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UNF police: Man who groped student banned from campus

Student says she was answering Craigslist ad for babysitter for single dad

JACKSONVILLE, Fla. – A man who groped a University of North Florida student who was answering his Craigslist ad asking for a babysitter has been identified and banned from campus, the University Police Department said.

The student, who lives on campus, told UPD officers that the ad had requested a babysitter for a single dad, and that after communicating with the man online, he agreed to meet her Nov. 9 in front of UNF's Thomas G. Carpenter Library.

She met him in Lot 2 on campus just before 10 p.m. and got into his car so they could talk privately, police said.

The student asked what the pay would be for the babysitting job, and the man answered $1,700 a week, according to police.

As they talked further, the man said that he also needed a “friend,” but the student told him that she wasn’t comfortable with that, and he touched her in the crotch area, police said.

Later in the conversation, the man reached over and touched her breast on top of her clothing, police said.

She then got out of the man's car and called campus police, who issued a timely warning to all students via the campus alert system.

She provided a description of the man, who was later identified and found by UPD investigators. He has been banned from all UNF properties, and criminal charges are pending, polie said.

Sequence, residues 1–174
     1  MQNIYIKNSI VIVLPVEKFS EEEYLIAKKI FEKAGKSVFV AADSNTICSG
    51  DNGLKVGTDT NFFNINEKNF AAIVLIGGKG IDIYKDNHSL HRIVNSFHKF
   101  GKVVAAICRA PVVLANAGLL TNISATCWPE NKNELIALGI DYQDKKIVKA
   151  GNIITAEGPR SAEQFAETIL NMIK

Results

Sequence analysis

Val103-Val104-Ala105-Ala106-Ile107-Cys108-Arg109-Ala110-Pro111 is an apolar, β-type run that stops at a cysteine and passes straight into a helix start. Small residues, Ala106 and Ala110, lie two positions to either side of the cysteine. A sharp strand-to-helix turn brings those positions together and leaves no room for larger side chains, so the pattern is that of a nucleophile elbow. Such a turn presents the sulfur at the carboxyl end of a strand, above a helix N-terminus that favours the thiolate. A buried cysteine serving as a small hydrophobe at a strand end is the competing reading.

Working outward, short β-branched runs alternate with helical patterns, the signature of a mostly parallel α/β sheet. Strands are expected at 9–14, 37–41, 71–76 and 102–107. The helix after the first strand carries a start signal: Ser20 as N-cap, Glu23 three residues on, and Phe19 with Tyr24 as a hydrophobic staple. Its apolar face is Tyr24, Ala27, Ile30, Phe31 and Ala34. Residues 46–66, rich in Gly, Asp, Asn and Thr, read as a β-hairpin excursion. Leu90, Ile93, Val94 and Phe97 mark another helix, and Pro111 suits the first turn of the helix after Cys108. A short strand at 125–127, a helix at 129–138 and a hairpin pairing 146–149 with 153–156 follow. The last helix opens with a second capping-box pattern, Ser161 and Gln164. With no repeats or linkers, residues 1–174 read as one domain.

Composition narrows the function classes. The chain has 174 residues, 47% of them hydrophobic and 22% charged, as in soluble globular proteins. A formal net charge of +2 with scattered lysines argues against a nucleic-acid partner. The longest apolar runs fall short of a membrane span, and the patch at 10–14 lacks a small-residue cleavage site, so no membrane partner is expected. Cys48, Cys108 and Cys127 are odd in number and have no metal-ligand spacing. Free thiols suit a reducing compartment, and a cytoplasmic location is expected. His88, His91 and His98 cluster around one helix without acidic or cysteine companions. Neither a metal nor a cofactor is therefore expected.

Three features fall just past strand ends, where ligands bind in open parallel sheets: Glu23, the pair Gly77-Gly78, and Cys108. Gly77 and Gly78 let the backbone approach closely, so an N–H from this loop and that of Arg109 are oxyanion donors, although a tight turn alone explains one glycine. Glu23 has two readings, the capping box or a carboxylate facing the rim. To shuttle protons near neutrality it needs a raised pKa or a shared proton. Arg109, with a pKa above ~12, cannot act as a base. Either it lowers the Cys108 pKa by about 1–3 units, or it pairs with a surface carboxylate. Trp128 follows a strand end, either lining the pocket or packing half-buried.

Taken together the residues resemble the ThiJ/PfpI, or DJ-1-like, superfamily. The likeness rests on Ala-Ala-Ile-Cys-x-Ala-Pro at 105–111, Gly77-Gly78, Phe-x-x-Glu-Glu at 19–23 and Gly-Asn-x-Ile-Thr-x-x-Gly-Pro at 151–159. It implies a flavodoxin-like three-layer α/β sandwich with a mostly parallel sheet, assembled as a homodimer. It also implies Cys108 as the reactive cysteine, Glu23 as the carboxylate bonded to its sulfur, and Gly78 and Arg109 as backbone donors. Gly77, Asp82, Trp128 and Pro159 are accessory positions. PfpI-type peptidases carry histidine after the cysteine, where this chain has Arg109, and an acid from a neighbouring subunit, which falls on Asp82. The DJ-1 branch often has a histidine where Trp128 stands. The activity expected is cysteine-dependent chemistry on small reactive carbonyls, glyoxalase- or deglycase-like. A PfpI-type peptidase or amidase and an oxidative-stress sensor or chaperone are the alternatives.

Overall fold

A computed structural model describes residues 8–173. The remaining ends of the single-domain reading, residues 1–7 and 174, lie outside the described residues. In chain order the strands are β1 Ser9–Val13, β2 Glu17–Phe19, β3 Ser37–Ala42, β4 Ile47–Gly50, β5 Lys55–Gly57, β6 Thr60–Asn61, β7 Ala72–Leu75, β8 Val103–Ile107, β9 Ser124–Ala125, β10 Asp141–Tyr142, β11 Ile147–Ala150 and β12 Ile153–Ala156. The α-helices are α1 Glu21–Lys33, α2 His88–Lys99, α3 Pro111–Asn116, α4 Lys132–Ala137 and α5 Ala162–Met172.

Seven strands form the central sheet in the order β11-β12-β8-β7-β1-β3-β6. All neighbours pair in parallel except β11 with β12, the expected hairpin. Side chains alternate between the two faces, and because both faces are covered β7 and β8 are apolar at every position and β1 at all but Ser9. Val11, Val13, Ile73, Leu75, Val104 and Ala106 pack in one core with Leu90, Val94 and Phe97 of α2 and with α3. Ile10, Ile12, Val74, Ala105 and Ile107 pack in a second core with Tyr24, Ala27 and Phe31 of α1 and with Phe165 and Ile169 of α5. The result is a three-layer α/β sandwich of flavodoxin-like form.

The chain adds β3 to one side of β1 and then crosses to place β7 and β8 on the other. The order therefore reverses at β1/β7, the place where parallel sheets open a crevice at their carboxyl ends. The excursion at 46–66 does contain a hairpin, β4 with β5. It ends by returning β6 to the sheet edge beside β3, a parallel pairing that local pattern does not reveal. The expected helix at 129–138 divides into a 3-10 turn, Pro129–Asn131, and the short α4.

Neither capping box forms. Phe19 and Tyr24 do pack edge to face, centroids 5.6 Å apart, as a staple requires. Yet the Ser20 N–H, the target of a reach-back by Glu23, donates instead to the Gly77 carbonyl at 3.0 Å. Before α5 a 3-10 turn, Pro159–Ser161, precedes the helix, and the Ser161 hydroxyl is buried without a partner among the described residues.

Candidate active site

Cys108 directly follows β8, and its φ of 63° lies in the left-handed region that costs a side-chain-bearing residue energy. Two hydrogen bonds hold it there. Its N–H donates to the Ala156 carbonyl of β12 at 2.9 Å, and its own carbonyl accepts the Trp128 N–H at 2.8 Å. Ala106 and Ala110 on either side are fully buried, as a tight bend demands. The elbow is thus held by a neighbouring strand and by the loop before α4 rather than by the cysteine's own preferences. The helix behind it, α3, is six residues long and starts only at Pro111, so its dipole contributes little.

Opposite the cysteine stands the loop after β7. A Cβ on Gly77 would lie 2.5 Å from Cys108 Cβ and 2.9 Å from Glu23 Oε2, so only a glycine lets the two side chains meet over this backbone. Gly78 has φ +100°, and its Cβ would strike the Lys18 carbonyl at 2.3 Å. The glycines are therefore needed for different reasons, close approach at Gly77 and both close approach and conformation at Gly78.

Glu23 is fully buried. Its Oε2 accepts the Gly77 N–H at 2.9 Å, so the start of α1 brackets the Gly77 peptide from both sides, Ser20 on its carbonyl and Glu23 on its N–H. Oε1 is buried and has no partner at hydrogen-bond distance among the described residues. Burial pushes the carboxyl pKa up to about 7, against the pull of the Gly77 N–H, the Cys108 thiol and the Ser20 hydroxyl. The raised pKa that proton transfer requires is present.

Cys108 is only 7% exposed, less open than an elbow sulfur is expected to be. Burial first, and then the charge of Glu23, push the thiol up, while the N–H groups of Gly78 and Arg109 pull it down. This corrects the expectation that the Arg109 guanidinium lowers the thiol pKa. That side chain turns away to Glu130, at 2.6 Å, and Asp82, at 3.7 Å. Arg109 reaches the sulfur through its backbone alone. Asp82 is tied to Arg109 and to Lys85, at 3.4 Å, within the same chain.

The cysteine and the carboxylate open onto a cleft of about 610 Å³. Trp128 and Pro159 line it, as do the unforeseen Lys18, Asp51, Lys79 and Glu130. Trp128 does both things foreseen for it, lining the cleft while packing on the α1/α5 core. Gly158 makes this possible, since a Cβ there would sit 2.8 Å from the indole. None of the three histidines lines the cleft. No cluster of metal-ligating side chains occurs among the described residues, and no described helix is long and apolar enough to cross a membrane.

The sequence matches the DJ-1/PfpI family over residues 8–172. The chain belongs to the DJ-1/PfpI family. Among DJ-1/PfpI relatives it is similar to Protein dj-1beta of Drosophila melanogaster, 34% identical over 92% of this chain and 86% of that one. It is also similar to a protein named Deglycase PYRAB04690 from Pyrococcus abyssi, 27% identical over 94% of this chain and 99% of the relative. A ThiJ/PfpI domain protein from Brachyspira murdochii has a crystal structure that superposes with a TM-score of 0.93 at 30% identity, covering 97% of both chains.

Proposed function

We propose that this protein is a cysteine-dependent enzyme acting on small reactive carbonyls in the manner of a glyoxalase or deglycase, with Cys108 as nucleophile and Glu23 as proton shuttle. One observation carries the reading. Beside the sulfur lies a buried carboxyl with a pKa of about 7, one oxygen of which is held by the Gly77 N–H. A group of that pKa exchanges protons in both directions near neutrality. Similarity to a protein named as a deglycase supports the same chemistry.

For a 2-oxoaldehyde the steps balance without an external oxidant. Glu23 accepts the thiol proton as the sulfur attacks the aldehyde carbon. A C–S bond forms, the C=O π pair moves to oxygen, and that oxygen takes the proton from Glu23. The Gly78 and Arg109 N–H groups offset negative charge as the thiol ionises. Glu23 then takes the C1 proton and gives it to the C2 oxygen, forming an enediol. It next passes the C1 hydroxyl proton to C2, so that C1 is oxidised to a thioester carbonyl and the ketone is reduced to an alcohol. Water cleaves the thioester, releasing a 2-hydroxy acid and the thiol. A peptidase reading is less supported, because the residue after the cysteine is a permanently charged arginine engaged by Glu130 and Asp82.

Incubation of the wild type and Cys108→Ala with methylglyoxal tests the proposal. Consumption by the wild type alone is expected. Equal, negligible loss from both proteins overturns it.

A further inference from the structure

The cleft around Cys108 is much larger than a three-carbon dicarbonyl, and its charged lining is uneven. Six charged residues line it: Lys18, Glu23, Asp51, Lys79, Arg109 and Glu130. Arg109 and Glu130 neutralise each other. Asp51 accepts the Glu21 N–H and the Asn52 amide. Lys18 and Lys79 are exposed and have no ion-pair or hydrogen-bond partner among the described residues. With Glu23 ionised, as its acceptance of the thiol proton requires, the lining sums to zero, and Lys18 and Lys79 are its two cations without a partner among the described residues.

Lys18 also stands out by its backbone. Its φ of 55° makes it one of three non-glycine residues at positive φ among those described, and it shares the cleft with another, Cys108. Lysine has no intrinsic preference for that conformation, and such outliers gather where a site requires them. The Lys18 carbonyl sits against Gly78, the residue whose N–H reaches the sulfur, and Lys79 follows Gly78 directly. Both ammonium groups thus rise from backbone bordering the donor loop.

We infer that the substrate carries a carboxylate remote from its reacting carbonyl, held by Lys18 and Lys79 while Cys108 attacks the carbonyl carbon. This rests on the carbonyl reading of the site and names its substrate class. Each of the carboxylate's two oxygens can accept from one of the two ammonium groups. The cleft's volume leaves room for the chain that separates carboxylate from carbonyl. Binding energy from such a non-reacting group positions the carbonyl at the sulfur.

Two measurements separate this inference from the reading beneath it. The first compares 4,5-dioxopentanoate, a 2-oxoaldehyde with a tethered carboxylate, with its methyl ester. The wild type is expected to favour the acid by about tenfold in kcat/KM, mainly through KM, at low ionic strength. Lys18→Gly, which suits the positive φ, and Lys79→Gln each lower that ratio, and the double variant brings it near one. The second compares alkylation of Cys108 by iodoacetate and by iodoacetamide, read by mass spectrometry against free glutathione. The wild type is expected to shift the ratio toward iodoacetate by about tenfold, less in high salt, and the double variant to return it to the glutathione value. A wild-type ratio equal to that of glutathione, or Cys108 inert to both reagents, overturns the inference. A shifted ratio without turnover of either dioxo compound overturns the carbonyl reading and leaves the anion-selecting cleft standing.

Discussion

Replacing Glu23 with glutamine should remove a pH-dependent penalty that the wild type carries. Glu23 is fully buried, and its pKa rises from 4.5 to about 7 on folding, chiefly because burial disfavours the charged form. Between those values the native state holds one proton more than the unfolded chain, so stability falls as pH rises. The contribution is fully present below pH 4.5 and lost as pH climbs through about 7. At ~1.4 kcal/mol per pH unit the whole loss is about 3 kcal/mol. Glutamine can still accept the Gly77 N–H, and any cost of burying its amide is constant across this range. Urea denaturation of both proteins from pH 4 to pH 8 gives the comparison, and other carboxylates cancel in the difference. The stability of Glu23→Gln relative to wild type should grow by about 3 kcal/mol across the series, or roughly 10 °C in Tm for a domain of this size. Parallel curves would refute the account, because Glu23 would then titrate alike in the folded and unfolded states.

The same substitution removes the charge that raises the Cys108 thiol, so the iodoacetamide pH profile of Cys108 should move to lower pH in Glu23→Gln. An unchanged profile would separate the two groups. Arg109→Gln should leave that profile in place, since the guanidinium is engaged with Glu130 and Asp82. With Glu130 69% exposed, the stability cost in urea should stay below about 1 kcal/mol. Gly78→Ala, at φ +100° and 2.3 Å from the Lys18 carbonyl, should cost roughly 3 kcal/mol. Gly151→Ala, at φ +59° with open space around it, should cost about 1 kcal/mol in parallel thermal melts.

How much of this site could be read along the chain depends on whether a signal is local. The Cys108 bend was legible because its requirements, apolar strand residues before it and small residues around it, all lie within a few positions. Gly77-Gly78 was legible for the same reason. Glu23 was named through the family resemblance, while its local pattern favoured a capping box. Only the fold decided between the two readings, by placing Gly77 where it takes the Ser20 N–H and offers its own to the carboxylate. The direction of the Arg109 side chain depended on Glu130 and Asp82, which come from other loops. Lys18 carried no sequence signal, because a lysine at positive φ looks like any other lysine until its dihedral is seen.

UPD urges the campus community to be mindful and to use caution when responding to Craigslist ads or other internet advertisements and to be cautious about getting into vehicles with strangers. 

"It's very concerning," said Bailey Turner, UNF senior. "But you just have to be conscientious when you're looking for things online and situations like that and paying attention to any red flags."

Gil Smith, News4Jax crime and safety analyst, also warned of the risks associated with finding jobs on websites.

"For something like that, it's best to use a temporary employment service. That way the people are vetted. They do background checks on them and they have their history. So when you go to them, the company knows exactly who you are and who you're dealing with," Smith said.

The incident put students across campus on high alert.

"It's so sad to know there are people out there with bad intentions like that," Turner said. "I'm very guilty of looking at my phone and not paying attention when walking to my car. So I'm definitely going to be more careful."